4 in 10 counties and cities are already super-aged
Over 40 percent of Korean counties and cities are super-aged.
According to year-end resident registration data compiled by the Ministry of Interior and Safety, 109 out of 261 regional governments nationwide reported they are now super-aged, which means more than 20 percent of residents are 65 or older.
A country where over 7 percent of its population are senior citizens is defined as an aging society by the World Health Organization (WHO). If the percentage reaches 14 percent, it is considered an aged society, while countries with over 20 percent of the population above 65 are considered super-aged.
Korea is likely to become a super-aged society by 2025, just seven years after it became an aged society in 2018, according to Statistics Korea. It estimates that 20.6 percent of Korean citizens will be 65 and older by 2025 and 26.1 percent by 2070.
The country is set to become super-aged four years faster than Japan, the current record holder among OECD member states for going to super-aged from aged. It took that country 11 years, from 1994 to 2005, to make that jump. There are 10 other OECD countries categorized as super-aged, including Italy, France and Germany.
Accelerated aging is seen leading to a decline in Korea's potential growth rate, as the population relying on welfare benefits and pensions outgrows the working-age population, those between the ages of 15 and 64.
"The money that needs to be spent on welfare keeps increasing, while the amount collected keeps decreasing because the population is decreasing," said Lee Sang-lim, a researcher at the Korea Institute for Health and Social Affairs. "This means that there are limits to carrying out large-scale infrastructure development or financial or monetary policies."
According to an OECD estimate based on current policies, Korea's potential growth rate — the maximum possible rate an economy can grow without triggering inflation — will be 0.92 percent in 2033, go sub-zero starting in 2047 at minus 0.02 percent and hit minus 0.08 percent in 2060. The worldwide average is projected to be 1.47 percent in 2060.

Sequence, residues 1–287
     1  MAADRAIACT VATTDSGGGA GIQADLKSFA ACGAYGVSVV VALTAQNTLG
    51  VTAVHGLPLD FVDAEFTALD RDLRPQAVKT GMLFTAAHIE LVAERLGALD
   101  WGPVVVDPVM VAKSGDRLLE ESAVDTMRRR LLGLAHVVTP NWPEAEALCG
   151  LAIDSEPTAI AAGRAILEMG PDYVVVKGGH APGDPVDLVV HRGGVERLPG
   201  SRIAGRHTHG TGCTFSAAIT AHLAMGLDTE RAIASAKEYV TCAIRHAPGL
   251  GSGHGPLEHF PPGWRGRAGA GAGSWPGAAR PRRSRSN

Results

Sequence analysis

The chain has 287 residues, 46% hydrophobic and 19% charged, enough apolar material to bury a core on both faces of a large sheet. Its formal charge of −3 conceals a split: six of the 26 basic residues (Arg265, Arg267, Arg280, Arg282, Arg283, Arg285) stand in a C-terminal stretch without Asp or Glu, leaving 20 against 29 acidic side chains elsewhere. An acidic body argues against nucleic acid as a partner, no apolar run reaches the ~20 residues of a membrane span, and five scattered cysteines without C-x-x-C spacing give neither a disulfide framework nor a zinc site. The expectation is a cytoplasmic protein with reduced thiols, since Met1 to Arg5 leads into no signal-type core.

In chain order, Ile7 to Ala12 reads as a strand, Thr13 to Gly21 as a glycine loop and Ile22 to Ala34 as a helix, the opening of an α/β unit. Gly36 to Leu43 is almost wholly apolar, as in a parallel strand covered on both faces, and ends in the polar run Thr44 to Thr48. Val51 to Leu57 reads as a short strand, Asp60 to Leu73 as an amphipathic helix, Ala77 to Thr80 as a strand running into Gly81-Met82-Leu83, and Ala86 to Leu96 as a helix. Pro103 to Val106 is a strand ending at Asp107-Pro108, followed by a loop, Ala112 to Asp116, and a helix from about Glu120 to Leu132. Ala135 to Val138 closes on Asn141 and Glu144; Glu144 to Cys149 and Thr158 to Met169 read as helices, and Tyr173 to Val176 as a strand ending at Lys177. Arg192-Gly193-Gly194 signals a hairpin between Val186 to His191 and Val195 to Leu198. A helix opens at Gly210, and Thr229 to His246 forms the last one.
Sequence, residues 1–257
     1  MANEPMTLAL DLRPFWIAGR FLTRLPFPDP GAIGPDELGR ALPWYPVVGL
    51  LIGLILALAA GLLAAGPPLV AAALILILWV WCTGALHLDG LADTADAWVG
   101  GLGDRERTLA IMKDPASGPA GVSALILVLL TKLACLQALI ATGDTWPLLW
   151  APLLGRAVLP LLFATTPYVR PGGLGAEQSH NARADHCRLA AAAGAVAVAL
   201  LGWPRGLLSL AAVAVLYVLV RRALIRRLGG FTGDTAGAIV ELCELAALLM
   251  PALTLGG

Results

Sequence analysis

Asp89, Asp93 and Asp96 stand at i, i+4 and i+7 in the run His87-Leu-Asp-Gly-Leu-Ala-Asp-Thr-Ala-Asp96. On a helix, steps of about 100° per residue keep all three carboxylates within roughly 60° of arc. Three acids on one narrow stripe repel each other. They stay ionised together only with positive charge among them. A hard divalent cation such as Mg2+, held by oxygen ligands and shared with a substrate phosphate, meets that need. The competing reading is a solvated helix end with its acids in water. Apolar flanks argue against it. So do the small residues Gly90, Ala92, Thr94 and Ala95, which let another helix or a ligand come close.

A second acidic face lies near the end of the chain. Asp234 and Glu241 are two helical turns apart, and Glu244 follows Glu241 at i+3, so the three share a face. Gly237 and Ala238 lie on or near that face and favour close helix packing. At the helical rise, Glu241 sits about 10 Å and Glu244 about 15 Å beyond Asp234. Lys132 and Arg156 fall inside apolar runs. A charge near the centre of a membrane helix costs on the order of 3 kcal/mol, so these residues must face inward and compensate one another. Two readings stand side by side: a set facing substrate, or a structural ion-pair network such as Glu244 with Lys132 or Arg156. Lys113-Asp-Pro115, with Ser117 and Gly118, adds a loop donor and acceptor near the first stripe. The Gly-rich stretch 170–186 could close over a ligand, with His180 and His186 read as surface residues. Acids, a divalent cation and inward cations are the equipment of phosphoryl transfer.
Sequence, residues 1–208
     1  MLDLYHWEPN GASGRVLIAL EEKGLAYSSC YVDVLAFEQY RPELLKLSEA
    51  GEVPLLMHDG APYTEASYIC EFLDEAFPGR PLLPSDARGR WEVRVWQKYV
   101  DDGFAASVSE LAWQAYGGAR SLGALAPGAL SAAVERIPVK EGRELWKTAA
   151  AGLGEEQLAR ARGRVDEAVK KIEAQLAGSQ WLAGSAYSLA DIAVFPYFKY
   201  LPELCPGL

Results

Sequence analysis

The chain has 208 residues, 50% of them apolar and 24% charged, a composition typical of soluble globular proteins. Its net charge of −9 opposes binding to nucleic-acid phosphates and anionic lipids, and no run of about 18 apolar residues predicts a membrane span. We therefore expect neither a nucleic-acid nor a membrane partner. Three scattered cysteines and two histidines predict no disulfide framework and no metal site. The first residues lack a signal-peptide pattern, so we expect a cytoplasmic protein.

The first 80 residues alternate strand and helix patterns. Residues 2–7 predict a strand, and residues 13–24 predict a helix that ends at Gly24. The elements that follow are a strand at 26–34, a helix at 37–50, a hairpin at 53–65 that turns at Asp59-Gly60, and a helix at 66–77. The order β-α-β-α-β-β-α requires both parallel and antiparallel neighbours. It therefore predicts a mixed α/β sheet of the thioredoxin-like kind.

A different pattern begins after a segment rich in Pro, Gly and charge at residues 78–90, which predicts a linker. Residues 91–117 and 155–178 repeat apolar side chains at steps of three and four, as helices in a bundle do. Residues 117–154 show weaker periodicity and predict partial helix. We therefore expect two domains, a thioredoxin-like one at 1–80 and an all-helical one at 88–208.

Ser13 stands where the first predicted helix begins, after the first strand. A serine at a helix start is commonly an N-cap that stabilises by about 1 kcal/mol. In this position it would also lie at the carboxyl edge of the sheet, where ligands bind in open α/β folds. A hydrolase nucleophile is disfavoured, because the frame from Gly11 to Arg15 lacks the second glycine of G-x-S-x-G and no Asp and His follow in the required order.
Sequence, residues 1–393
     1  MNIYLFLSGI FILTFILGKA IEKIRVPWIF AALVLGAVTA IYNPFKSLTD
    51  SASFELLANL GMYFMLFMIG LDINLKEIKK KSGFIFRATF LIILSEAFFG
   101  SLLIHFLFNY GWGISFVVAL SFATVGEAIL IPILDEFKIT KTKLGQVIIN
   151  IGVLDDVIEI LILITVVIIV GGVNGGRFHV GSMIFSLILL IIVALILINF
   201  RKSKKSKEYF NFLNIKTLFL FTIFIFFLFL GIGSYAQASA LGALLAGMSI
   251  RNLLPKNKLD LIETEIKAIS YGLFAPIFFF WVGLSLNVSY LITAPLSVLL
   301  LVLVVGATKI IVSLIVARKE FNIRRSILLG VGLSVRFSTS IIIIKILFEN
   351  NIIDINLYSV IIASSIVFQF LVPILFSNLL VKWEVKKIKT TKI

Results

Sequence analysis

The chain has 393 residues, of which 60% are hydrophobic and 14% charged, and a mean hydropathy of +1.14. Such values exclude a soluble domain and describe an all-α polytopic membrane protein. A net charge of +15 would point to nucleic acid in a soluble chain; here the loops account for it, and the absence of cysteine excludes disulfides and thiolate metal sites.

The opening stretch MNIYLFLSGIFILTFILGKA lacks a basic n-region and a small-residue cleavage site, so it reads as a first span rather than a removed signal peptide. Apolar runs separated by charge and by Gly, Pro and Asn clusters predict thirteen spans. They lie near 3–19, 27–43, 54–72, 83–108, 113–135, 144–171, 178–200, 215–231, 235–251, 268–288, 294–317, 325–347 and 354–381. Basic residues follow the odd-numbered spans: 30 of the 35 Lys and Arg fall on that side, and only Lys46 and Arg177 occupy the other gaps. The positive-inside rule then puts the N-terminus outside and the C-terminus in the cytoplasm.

The two other countries where potential growth rates are set to decline into negative territory in the near future are Latvia and Lithuania. Their populations are already decreasing.
Researchers Jang Min and Park Seong-wook at the Korea Institute of Finance (KIF) are more pessimistic. They forecast Korea's growth potential dropping to near-zero in 2030 and going sub-zero in 2045, at minus 0.56 percent. The Korea Economic Research Institute also projects that Korea will be growing by less than 1 percent in the next 10 years.
Countering the decline would require bringing the birthrate to above 2, far higher than Korea's birthrate of 0.84 in 2020. The most realistic solution therefore would be a soft landing as a super-aged society, according to at least one academic.
"We have to restructure our system so that we can adapt to the already-progressing low birthrate by preparing for the society that will come due to the decreased population and try to minimize the impact," said Cho Young-tae, a professor at the Graduate School of Public Health of Seoul National University.
"We have to prepare population strategies such as pushing retirement age higher, establishing senior-friendly ecosystems and shifting the accommodation paradigm."
BY SOHN HAE-YONG, YOON SO-YEON [email@example.com]